Tony Cohn holds a Personal Chair at the University of Leeds, where he is Professor of Automated Reasoning. He is presently Director of the Institute for Artificial Intelligence and Biological Systems. He leads a research group working on Knowledge Representation and Reasoning with a particular focus on qualitative spatial/spatio-temporal reasoning, the best known being the well cited Region Connection Calculus (RCC). His current research interests range from theoretical work on spatial calculi and spatial ontologies, to cognitive vision, modelling spatial information in the hippocampus, and detecting buried underground assets (e.g. utilities and archaeological residues) using a variety of geo-located sensors. He has been Chairman/President of SSAISB, ECCAI, KR inc, the IJCAI Board of Trustees and is presently Editor-in-Chief of the AAAI Press, Spatial Cognition and Computation, and the Artificial Intelligence journal. He was elected a founding Fellow of ECCAI, and is also a Fellow of AAAI, AISB, the BCS, and the IET.

In this talk I will present ongoing work at Leeds on building models of video activity. I will present techniques, both supervised and unsupervised, for learning the spatio-temporal structure of tasks and events from video or other sensor data, particularly in the case of scenarios with concurrent activities. In both cases, the representation will exploit qualititive spatio-temporal relations. A novel method for robustly transforming video data to qualitative relations will be presented. For supervised learning I will show how the supervisory burden can be reduced using what we term "deictic supervision", whilst in the unsupervised case I will present a method for learning the most likely interpretation of the training data. I will also show how objects can be "functionally categorised" according to their spatio-temporal behaviour and how the use of type information can help in the learning process, especially in the presence of noise.


Keynote Lecture 3
Towards Software-Defined Networked Cars as Social Agents
Wolfgang Wahlster
German Research Center for AI

Brief Bio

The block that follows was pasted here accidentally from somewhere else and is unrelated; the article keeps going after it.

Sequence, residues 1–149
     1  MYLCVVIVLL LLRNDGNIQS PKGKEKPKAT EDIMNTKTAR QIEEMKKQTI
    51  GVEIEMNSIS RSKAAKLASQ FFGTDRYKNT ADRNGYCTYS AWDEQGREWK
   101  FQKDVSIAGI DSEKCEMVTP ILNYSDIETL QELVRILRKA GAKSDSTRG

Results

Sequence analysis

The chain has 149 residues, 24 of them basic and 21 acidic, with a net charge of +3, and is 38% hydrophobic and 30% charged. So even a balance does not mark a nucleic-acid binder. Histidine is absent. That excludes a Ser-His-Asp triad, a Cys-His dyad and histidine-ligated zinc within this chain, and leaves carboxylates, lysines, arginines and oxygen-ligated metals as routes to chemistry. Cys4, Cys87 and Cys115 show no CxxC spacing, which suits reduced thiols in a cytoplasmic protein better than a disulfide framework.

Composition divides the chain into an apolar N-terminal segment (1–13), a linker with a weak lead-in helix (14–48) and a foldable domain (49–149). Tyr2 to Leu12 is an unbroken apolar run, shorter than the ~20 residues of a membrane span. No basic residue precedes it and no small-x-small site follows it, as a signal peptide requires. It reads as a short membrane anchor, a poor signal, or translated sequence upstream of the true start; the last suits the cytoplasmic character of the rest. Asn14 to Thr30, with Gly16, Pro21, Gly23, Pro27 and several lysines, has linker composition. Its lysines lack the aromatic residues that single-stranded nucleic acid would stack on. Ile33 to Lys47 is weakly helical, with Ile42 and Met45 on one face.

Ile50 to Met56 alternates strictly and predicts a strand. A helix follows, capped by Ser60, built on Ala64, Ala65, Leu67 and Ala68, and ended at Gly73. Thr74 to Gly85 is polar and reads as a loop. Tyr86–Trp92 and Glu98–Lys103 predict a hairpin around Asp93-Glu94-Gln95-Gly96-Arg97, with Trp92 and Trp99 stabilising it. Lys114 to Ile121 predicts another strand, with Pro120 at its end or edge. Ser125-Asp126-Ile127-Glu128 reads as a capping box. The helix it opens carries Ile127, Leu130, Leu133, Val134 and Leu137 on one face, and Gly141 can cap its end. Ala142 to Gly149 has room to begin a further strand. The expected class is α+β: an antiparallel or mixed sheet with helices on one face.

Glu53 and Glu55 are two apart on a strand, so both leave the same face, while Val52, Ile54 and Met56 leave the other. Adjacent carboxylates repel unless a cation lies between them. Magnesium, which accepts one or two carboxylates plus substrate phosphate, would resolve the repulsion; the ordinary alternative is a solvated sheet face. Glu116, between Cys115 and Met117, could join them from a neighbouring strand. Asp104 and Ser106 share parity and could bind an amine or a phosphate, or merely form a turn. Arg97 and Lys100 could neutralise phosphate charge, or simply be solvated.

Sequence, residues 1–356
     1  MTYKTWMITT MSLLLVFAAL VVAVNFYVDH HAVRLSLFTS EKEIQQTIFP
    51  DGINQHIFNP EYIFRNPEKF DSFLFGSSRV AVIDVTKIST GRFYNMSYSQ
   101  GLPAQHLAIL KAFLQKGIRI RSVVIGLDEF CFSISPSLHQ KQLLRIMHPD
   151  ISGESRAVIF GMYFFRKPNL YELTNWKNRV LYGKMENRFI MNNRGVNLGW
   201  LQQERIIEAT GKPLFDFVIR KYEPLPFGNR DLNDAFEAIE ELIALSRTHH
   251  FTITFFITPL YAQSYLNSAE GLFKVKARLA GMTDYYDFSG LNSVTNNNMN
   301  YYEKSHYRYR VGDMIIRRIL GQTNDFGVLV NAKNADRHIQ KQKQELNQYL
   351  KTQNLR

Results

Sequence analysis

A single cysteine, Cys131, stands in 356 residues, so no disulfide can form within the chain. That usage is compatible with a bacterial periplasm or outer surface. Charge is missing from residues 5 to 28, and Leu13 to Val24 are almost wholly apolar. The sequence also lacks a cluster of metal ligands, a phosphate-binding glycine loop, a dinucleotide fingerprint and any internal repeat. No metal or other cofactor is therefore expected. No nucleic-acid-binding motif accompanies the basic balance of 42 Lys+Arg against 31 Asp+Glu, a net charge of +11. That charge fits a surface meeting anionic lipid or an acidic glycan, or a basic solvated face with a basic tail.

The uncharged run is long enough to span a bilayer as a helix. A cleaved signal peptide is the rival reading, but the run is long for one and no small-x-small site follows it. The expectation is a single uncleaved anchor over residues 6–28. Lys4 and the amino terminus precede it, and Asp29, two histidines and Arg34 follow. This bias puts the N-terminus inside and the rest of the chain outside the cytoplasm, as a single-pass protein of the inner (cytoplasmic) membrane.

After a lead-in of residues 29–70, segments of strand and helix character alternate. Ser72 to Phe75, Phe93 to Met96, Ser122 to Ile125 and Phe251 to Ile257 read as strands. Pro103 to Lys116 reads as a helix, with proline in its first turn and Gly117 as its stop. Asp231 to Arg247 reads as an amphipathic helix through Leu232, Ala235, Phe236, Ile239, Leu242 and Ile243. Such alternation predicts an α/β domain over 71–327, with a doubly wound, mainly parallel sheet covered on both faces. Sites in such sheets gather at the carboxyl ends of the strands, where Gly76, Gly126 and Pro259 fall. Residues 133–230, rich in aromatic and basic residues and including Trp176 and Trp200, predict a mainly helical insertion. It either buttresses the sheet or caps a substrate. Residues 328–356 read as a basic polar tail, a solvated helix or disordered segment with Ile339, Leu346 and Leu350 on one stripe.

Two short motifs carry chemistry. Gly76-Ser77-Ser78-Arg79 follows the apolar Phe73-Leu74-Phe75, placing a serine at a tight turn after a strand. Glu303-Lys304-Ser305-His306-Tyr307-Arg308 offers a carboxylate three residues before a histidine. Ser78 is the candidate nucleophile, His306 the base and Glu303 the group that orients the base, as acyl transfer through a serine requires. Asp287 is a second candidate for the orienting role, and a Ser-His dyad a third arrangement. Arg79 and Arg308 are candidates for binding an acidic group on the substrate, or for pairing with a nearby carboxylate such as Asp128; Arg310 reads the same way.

Professor Wolfgang Wahlster is the Director and CEO of the German Research Center for Artificial Intelligence (DFKI) and a Professor of Computer Science. DFKI is the world’s largest contract research center with more than 800 scientists, working for its industrial shareholders including BMW, Daimler, Deutsche Telekom, John Deere, Intel, SAP, EADS and DHL. More than 60 hightech spin-off companies have been founded by DFKI.. Professor Wahlster10has published more than 200 technical papers and 10 books on mobile and multimodal user interfaces, instrumented environments, the semantic web, the internet of things and the internet of services. He is an AAAI Fellow (since 1993), an ECCAI Fellow (since 1999), and a GI Fellow (since 2004). In 2001, the President of Germany presented the German Future Prize to Professor Wahlster for his work on language technology and intelligent user interfaces, the highest scientific award in Germany. He was the first German computer scientist elected Foreign Member of the Royal Swedish Academy of Sciences, Stockholm 2003. In 2004, he was elected Full Member of the German National Academy of Sciences Leopoldina, that was founded in 1652. In 2006, he has been awarded the Federal Cross of Merit, First Class of Germany. He has also been appointed member of the Research Union "Business - Science" as chief advisor for ICT research of the German government and served as a partner for innovation of Chancellor Dr. Merkel. Since 2009 he is a member of the Executive Steering Board of the EIT ICT Labs of the European Institute of Innovation and Technology. In addition, Dr. Wahlster serves on the Executive Board of the International Computer Science Institute at UC Berkeley. He is in the editor of Springer’s LNAI series and on the editorial board of various top international journals like CACM.